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Plaintiffs filed suit against the Minnesota Secretary of State and others, challenging a statute prohibiting the wearing of political insignia at a polling place, Minnesota Statute 211B.11. This court reversed the dismissal of plaintiffs' as-applied First Amendment claim in Minnesota Majority v. Mansky, 708 F.3d 1051, 1059 (8th Cir. 2013). The district court, on remand, granted summary judgment for defendants. The court concluded that the statute and Policy are viewpoint neutral and facially reasonable. The court noted that the statute and Policy prohibit more than election-related apparel. The court explained that, even if Tea Party apparel was not election-related, it was not unreasonable to prohibit it in a polling place. In order to ensure a neutral, influence-free polling place, all political material was banned. In this case, EIW offered nothing to rebut evidence that the Tea Party has recognizable political views. The court concluded that the district court properly granted summary judgment because no reasonable trier of fact could conclude that the statute and Policy as applied to EIW violated its First Amendment rights. Accordingly, the court affirmed the judgment. View "Minnesota Voters Alliance v. Mansky" on Justia Law

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After MFA formed a campaign committee less than 30 days before the November 4, 2014, election and violated Missouri law section 130.011(8), MFA filed suit against the executive director of the Missouri Ethics Commission (MEC), in his official capacity, seeking to declare unconstitutional the 30-day formation deadline. The district court granted a temporary restraining order, but after the election, dismissed MFA’s suit as not ripe. The court concluded that MFA has Article III standing to challenge section 130.011(8) on First Amendment grounds where MFA’s self-censorship is objectively reasonable; although the 2014 election has passed, this case is not moot where MEC can at any time implement its policy and assess the fee for violation of the formation deadline in section 130.011(8) and, in the alternative, this action is not moot under the “capable of repetition yet evading review” exception to mootness; and MFA’s case is ripe for review where MFA asserts the harm of self-censorship, based on its compliance with section 130.011(8). Accordingly, the court reversed and remanded for further proceedings. View "Missourians for Fiscal Accountability v. Klahr" on Justia Law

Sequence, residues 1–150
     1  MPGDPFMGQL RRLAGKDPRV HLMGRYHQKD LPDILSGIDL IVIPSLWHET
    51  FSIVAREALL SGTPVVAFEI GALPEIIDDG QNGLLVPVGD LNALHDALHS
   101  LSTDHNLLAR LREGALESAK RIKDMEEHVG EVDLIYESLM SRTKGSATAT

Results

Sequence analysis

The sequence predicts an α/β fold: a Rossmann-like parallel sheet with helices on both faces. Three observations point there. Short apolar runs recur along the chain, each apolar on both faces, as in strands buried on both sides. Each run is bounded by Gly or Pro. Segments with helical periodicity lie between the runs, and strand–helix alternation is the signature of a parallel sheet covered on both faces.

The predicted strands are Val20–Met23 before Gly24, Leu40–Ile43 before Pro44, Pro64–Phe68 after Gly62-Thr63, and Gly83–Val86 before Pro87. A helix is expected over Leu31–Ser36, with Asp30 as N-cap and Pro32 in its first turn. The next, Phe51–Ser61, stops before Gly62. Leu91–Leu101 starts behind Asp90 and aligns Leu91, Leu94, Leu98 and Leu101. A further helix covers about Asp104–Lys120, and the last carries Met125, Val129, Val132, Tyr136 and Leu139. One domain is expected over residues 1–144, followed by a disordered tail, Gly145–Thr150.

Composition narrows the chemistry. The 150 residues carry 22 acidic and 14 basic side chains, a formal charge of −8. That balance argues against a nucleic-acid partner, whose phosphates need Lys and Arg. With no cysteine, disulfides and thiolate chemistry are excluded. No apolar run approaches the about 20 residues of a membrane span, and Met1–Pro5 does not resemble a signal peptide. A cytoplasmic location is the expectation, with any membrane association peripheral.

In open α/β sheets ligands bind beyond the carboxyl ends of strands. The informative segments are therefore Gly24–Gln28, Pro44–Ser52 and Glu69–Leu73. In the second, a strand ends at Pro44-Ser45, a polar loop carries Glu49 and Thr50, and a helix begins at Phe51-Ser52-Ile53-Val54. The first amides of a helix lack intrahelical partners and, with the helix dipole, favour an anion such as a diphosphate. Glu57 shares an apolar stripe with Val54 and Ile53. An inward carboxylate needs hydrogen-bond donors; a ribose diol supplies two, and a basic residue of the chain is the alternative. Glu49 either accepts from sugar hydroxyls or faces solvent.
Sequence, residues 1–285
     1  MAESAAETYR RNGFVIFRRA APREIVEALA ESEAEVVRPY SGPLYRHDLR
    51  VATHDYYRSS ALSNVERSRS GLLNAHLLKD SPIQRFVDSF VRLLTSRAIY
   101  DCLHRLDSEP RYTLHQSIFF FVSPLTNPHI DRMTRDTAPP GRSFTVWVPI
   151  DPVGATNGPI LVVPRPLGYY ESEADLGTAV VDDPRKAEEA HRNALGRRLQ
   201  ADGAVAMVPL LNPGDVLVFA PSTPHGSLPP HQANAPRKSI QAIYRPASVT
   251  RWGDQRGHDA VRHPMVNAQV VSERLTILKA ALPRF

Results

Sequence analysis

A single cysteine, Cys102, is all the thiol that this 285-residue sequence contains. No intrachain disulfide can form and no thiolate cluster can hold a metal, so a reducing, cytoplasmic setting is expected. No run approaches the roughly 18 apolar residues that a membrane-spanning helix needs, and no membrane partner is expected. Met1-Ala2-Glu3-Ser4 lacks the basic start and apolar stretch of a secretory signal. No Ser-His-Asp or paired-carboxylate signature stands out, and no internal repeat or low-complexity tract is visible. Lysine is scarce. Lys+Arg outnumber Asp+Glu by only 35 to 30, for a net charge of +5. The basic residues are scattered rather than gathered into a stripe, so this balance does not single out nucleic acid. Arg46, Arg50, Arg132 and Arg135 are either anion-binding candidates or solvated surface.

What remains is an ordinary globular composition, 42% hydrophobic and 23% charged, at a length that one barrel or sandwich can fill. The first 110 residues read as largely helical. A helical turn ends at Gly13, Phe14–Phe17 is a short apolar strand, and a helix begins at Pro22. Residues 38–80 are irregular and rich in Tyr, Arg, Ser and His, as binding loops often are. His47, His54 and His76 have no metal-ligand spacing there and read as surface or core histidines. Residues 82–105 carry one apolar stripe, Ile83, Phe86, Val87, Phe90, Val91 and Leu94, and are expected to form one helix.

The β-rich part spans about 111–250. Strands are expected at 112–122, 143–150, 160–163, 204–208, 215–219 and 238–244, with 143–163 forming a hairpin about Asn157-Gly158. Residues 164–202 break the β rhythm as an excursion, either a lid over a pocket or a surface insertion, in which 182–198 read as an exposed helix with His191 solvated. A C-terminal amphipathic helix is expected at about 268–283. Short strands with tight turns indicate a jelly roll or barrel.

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Plaintiff filed suit under 42 U.S.C. 1983 against two public officials in their official capacities, alleging that the procedures they enforce for placing initiatives on Nebraska state and municipal ballots violate his rights under the First and Fourteenth Amendments, and seeking declaratory and prospective injunctive relief. The district court dismissed all but the Fourteenth Amendment claim against Nebraska Secretary of State John Gale, entered judgment for plaintiff on that claim, enjoined Gale from enforcing certain provisions of the Nebraska Constitution, and awarded plaintiff attorneys' fees and costs. The Supreme Court made clear in Lujan v. Defenders of Wildlife that a wish to engage in future conduct, alone, does not provide the immediacy needed for threatened enforcement of a contested law to constitute injury in fact. The court concluded that plaintiff failed to establish standing to bring his Fourteenth Amendment claim where his interest in placing an initiative on the ballot, even if evidenced by a sworn statement and sample petition filed with Gale, is insufficient to establish an imminent threat of enforcement. Furthermore, plaintiff failed to prove he has standing to assert his interest as a petition signer where there is no evidence that plaintiff is registered to vote. Accordingly, the court vacated that portion of the district court's judgment and remanded with instructions. View "Bernbeck v. Gale" on Justia Law